Mechanism of Injury
The cause of liver injury during dabigatran oral anticoagulant therapy is unknown but is likely to be idiosyncratic and perhaps immunologic. Dabigatran undergoes little hepatic metabolism and does not affect CYP 450 activity.
Outcome and Management
Liver injury attributed to dabigatran varies from mild serum ALT elevations to liver injury with jaundice, but is usually mild and self-limited, resolving within 4 weeks of stopping. Recurrence of liver injury with rechallenge has not been described. There is no reason to suspect that there is cross sensitivity to hepatic injury among the different anticoagulants.
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REPRESENTATIVE TRADE NAMES
Dabigatran – Pradaxa®
Product labeling at DailyMed, National Library of Medicine, NIH
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References updated: 12 April 2014
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Eriksson BI, Dahl OE, Rosencher N, Kurth AA, van Dijk CN, Frostick SP, Prins MH, et al.; RE-NOVATE Study Group. Dabigatran etexilate versus enoxaparin for prevention of venous thromboembolism after total hip replacement: a randomised, double-blind, non-inferiority trial. Lancet 2007; 370: 949-56. PubMed Citation (Controlled trial of dabigatran vs enoxaparin in 3294 patients undergoing hip replacement found ALT elevations above 3 times ULN in 3% of dabigatran vs 5% of enoxaparin treated patients, all returning to baseline during follow up; 2 dabigatran treated patients had elevations in ALT and bilirubin, diagnosis being cholangitis in one and unknown in other, both resolving with discontinuation).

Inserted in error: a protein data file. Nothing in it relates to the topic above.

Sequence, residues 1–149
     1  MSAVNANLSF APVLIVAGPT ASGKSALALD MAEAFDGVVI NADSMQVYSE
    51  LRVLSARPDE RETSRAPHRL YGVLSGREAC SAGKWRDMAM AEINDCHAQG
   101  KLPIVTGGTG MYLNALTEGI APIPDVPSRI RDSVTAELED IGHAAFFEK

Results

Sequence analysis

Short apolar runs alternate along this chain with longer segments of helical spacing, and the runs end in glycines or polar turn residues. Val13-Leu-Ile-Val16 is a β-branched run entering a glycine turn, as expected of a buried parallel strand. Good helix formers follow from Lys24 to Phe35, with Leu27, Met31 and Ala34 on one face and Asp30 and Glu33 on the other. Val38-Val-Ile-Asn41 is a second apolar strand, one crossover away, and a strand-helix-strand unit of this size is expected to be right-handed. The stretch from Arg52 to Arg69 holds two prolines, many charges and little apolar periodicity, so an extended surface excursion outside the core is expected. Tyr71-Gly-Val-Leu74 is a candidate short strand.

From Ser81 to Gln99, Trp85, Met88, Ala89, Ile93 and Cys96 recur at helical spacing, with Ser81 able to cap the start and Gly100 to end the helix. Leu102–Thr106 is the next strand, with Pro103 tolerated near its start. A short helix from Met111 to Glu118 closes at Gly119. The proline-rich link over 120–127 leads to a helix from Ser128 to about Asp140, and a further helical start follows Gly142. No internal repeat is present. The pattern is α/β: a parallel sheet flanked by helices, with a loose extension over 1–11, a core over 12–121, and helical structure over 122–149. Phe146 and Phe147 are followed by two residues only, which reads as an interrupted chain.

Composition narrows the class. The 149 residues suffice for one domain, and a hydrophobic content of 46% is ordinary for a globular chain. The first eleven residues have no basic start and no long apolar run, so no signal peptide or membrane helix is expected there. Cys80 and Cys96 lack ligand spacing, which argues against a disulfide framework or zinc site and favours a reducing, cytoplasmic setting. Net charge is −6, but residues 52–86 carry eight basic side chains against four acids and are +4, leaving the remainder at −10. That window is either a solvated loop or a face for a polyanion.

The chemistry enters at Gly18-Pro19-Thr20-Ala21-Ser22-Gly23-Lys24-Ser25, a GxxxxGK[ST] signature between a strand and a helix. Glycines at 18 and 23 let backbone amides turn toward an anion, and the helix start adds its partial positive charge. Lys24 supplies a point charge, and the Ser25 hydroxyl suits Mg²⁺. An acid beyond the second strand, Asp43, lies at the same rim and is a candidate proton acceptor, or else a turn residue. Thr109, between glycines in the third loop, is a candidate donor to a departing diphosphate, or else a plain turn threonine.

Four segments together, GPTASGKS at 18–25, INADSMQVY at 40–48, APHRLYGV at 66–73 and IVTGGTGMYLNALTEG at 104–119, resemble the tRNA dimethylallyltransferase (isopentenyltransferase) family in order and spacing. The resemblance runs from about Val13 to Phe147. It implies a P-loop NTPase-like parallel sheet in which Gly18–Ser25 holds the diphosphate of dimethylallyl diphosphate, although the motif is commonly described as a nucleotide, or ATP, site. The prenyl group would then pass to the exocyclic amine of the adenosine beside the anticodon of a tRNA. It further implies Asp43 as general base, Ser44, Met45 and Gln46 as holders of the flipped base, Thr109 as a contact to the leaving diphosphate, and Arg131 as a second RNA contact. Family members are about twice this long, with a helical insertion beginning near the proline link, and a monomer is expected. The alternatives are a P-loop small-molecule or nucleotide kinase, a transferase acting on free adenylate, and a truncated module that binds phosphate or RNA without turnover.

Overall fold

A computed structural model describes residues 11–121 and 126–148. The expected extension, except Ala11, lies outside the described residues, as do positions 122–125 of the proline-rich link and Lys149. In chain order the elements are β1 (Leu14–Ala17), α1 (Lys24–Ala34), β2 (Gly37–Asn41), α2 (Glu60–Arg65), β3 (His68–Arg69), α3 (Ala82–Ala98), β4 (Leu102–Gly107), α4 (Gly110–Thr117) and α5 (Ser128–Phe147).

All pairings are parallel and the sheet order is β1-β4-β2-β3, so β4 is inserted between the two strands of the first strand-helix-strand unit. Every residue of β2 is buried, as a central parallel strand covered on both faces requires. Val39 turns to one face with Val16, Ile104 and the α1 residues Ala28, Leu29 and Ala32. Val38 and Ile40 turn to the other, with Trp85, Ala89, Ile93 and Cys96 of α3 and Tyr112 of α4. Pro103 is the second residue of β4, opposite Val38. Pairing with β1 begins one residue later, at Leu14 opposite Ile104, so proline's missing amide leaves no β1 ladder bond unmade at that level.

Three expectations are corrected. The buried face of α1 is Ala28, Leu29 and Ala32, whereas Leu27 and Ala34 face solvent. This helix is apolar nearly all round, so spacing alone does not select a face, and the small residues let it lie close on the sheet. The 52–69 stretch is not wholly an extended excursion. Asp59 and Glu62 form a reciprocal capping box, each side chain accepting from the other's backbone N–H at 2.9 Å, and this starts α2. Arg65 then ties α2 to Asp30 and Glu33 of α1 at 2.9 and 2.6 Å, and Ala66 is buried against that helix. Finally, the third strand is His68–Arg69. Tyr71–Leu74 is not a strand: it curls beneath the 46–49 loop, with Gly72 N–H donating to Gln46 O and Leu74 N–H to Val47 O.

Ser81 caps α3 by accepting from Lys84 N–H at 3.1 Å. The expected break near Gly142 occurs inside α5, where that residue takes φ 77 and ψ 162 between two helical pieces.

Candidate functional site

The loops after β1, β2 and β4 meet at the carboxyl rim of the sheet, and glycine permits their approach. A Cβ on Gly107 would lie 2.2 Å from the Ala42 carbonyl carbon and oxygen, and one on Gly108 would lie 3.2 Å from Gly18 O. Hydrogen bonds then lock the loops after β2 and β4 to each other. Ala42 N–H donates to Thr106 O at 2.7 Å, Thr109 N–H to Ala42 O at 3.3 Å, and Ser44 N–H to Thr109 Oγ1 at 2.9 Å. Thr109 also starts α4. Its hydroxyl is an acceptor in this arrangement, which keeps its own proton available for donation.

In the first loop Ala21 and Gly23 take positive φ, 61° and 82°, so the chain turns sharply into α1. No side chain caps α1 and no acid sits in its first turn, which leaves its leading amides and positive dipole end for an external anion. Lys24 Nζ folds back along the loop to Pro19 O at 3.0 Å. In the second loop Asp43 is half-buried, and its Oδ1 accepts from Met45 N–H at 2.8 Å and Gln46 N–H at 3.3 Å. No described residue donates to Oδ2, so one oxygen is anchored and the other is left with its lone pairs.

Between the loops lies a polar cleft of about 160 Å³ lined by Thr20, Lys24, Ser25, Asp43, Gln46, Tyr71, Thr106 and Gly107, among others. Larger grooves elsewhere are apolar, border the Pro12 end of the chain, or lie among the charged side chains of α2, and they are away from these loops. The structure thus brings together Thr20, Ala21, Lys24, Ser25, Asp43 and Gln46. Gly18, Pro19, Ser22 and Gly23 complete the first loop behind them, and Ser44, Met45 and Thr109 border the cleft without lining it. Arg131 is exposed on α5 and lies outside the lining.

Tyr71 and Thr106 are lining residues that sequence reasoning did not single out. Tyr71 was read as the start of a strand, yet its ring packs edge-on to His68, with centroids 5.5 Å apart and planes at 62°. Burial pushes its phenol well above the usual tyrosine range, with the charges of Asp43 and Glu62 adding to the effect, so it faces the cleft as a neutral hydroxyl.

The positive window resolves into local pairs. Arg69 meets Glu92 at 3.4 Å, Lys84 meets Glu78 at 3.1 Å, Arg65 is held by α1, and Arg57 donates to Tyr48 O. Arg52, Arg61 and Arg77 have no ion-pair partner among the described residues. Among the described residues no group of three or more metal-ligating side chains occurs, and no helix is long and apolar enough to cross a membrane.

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P, et al.; RE-MODEL Study Group. Oral dabigatran etexilate vs. subcutaneous enoxaparin for the prevention of venous thromboembolism after total knee replacement: the RE-MODEL randomized trial. J Thromb Haemost 2007; 5: 2178-85. PubMed Citation (Controlled trial of dabigatran vs enoxaparin in 2076 patients undergoing knee replacement surgery found ALT elevations above 3 times ULN in 2.8% to 3.7% of dabigatran vs 4.0% of enoxaparin treated subjects; one patient on dabigatran had a simultaneous elevation of bilirubin and ALT which was unexplained and resolved within 4 weeks of stopping).
Chalasani N, Fontana RJ, Bonkovsky HL, Watkins PB, Davern T, Serrano J, Yang H, Rochon J; Drug Induced Liver Injury Network (DILIN). Causes, clinical features, and outcomes from a prospective study of drug-induced liver injury in the United States. Gastroenterology 2008; 135: 1924-34. PubMed Citation (Among 300 cases of drug induced liver injury in the US collected from 2004 to 2008, none were attributed to warfarin or other anticoagulants).
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2010; 52 (1351): 89-90. PubMed Citation (Concise review of pharmacology, efficacy and safety of dabigatran shortly after its approval in the US; most common troublesome side effects are dyspepsia and gastritis; no mention of liver injury or hepatotoxicity).
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52: 2065-76. PubMed Citation (Among 1198 patients with acute liver failure enrolled in a US prospective study between 1998 and 2007, 133 [11%] were attributed to drug induced liver injury, but none were due to anticoagulants or platelet inhibitors).